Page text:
Category Archives: Feature

Growing Food Connections Local Government Policy Database 

The Growing Food Connections Local Government Policy Database is a searchable collection of local public policies that explicitly support community food systems. This database provides policymakers, government staff, and others interested in food policy with concrete examples of local public policies that have been adopted to address a range of food systems issues: rural and urban food production, farmland protection, transfer of development rights, food aggregation and distribution infrastructure, local food purchasing and procurement, healthy food access, food policy councils, food policy coordination, food system metrics, tax reductions and exemptions for food infrastructure, and much more.

Local Government Food Policy Database

Local Government Food Policy Database: 

Growing Food Connections

The Growing Food Connections Local Government Policy Database is a searchable collection of local public policies that explicitly support community food systems. This database provides policymakers, government staff, and others interested in food policy with concrete examples of local public policies that have been adopted to address a range of food systems issues: rural and urban food production, farmland protection, transfer of development rights, food aggregation and distribution infrastructure, local food purchasing and procurement, healthy food access, food policy councils, food policy coordination, food system metrics, tax reductions and exemptions for food infrastructure, and much more.

Local Public Policy

The Growing Food Connections team defines local public policy as: a course of municipal, county or regional government action in response to public problems or issues.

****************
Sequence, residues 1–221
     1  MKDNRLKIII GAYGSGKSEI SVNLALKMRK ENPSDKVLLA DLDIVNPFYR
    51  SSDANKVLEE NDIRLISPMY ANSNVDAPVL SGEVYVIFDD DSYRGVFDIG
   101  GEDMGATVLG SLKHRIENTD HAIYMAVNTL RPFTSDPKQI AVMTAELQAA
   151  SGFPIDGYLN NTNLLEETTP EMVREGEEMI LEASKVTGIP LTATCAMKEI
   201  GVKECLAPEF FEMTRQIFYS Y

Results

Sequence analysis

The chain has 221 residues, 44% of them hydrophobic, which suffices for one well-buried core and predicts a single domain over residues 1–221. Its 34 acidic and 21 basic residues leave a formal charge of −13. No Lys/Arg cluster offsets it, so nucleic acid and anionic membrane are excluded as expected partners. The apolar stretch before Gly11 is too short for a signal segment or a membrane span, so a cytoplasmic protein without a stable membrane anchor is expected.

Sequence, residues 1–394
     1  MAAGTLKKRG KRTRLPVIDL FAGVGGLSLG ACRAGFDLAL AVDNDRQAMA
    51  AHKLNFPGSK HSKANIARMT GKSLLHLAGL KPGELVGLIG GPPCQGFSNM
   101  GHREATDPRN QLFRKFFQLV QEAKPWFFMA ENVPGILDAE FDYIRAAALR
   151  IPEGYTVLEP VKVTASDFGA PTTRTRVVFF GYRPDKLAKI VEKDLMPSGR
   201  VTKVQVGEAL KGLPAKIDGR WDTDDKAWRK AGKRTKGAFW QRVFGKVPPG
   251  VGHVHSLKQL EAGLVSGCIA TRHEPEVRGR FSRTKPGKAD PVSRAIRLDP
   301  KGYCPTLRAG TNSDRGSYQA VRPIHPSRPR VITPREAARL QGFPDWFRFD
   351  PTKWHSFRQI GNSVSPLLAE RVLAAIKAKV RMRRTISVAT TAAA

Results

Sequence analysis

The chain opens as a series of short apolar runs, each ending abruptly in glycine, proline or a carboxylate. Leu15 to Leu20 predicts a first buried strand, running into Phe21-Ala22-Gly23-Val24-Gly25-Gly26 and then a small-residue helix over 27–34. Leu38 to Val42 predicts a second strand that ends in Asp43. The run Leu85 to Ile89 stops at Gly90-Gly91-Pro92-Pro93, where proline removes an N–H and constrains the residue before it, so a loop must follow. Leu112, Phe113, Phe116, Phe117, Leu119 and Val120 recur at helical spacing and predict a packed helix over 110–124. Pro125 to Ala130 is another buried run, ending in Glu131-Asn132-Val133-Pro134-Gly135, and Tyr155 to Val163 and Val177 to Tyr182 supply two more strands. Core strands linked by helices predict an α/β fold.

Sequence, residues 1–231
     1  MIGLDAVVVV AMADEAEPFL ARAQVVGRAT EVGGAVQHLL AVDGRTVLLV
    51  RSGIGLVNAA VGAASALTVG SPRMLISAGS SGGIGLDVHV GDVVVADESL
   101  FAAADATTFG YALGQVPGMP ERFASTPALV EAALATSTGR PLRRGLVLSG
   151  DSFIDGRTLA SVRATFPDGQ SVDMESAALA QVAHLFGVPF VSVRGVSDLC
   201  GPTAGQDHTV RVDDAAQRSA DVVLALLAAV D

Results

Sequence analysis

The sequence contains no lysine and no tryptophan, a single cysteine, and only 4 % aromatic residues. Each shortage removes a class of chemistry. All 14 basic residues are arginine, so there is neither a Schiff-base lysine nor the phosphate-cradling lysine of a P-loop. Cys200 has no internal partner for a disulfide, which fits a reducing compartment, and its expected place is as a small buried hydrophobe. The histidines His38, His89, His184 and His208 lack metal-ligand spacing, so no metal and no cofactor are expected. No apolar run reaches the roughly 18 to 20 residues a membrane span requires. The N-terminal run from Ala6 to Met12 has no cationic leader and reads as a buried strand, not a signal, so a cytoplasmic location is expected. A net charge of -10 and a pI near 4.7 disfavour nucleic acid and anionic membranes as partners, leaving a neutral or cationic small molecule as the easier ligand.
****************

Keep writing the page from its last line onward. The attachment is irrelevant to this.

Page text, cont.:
Policy Types

This database includes a range of policies such as local laws, ordinances, resolutions, motions, orders, and directives, as well as plans, standards, guidelines, tax exemptions and other public financing policies. Policies span different geographic regions, sizes of government, rural and urban contexts, and public issues. In addition to general information about policy type, topic and adoption date, the database includes policy documents, or the adopted policy language for each policy. When available, this database also lists information about the adopting, implementing, and supporting public agencies and non-governmental organizations; funding amount and sources; and policy outcomes – initiatives, programs, projects and other actions enabled, established or supported by the policy.

Submit A Policy From Your Community

Help your community be recognized! If your community has adopted a local or regional government policy that impacts the food system, submit it for inclusion in the database. We are only able to include policies that have been officially adopted by a local government (municipality or county) in the United States.

Policies can be submitted by completing this form.

What about food systems plans and policies adopted outside of the United States?

If you are interested in sub-national policies that are being adopted outside of the United States, please visit this Global Database hosted by the University at Buffalo and RUAF Foundation.

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 This database is continually updated. Policies included in this database have not been evaluated. Population categories are based on USDA’s Rural-Urban Continuum Codes.  The database is the intellectual property of the University at Buffalo and partners. 

Local Government Food Policy Database

Critical food policy literacy: Conceptualizing community municipal food policy engagement

Food policies should be informed by those who they intend to serve, but policy-making processes remain exclusive to privileged voices, knowledge, and experiences. This article bridges food and policy scholarship with the critical literacy work of Paulo Freire to answer: how do we understand literacies tied to food policy? What does (or, what could) it mean to be food policy literate? This article proposes five principles for conceptualizing critical food policy literacy that support food system transformations.

The paper suggests that efforts to promote critical food policy literacy must facilitate communities to (a) “read the world,” (b) “read the word,” (c) be critically aware of food policy processes and systems, (d) learn contextually and through authentic practice, and (e) enable people to negotiate and transform the world (their context) collectively.